Stephen reviews: Ghost in the Shell (2017)

Starring Scarlett Johansson, Pilou Asbæk, Takeshi Kitano, Juliette Binoche, Michael Pitt, Chin Han, Peter Ferdinando

Directed by Rupert Sanders


I was looking forward to this movie with a mixture of hope and dread. My expectations were set low, but at the same time I had a hunch that Ghost in the Shell was possibly the only anime franchise that might work well as a Hollywood production. The serious tone, cyberpunk setting, and evil corporations mesh well with the kind of FX-heavy, sci-fi action films that Hollywood likes to churn out. So does it work? Well, if by working you mean that it is a functional mass market formulaic Hollywood film, then yes I suppose it does. It checks off all the boxes that modern Hollywood films are supposed to have at any rate.

The film is basically a hodgepodge of scenes from the various anime titles, mostly the first movie, so it was pretty much all stuff I’ve already seen. I can’t really call this a bad thing since this is an adaptation of the story. This live-action film was honestly in a tough spot. It had to stay true enough to the original to avoid pissing off the fanboys, but it still had to have enough mainstream appeal to make a profit. On top of that, there has never been a truly successful Hollywood anime adaptation (sure, I liked Fist of the North Star, but that was hardly a commercial hit), so they were understandably playing this pretty cautiously and avoiding risky artistic decisions. This leaves the film kinda drab, neither good nor bad.

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Bully (2001)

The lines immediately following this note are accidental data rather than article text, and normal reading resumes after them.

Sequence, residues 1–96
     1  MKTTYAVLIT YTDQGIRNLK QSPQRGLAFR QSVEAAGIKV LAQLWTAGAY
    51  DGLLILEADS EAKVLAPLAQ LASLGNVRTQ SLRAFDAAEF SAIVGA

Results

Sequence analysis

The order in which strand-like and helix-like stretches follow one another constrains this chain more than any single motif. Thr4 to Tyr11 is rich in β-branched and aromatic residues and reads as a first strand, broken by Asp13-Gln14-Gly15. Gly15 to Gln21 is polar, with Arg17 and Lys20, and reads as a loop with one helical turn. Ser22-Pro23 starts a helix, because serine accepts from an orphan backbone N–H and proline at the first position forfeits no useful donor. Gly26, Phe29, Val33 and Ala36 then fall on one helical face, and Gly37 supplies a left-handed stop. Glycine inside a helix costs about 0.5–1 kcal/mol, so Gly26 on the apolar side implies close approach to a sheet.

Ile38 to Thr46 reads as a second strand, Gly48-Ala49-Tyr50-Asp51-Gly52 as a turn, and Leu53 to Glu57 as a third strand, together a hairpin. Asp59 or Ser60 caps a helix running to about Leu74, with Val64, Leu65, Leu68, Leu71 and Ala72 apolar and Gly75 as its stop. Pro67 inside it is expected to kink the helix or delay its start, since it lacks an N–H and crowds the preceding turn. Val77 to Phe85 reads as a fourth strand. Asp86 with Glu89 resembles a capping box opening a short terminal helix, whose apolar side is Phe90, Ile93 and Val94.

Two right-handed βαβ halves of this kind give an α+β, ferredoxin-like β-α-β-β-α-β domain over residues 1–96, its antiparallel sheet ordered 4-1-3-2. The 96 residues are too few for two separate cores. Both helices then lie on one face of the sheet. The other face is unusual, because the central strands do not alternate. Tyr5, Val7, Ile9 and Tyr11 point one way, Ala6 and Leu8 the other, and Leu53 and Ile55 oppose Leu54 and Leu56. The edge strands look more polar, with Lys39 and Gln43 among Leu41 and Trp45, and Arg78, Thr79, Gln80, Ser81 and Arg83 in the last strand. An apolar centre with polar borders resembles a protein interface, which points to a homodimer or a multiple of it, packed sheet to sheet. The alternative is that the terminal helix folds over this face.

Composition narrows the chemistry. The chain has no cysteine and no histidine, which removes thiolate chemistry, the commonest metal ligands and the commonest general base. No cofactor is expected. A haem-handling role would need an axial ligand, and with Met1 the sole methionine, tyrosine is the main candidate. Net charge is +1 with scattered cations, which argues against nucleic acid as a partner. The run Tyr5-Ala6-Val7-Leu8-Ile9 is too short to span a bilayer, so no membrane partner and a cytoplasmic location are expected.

bully_1Starring Brad Renfro, Bijou Phillips, Rachel Miner, Nick Stahl, Michael Pitt, Leo Fitzpatrick, Kelli Garner, Daniel Franzese, Nathalie Paulding, Ed Amatrudo, Jessica Sutta

Directed by Larry Clark

Expectations: Low.

twohalfstar


I can neither say that I liked or disliked Larry Clark’s Bully. It definitely has moments of pure honesty and tension that sear themselves into your psyche like a bullet to the brain, but it’s more often than not boring and meandering. In this way, it reflects its character well, a bunch of kids who are just along for the ride. They don’t particularly care who they’re with or where they’re going, just as long as they’re going somewhere, and experiencing something. But this is no way to live a life, and Bully fully explores this as the film moves closer to its finale.

Bully tells the story of Marty (Brad Renfro) and his friend Bobby (Nick Stahl). They’ve been friends since they were little kids, but that friendship isn’t built on trust and loyalty, it’s built on fear. Bobby bullies Marty incessantly, treating him like a slave and hitting him for messing up, even when others are around. Marty, of course, just takes it and tries to contain his anger. Clark never explores where Marty releases this anger, but based on his love of surfing, I think it’s safe to assume that riding the waves is more about a sense of freedom and cleansing than simply soaking up some rays.

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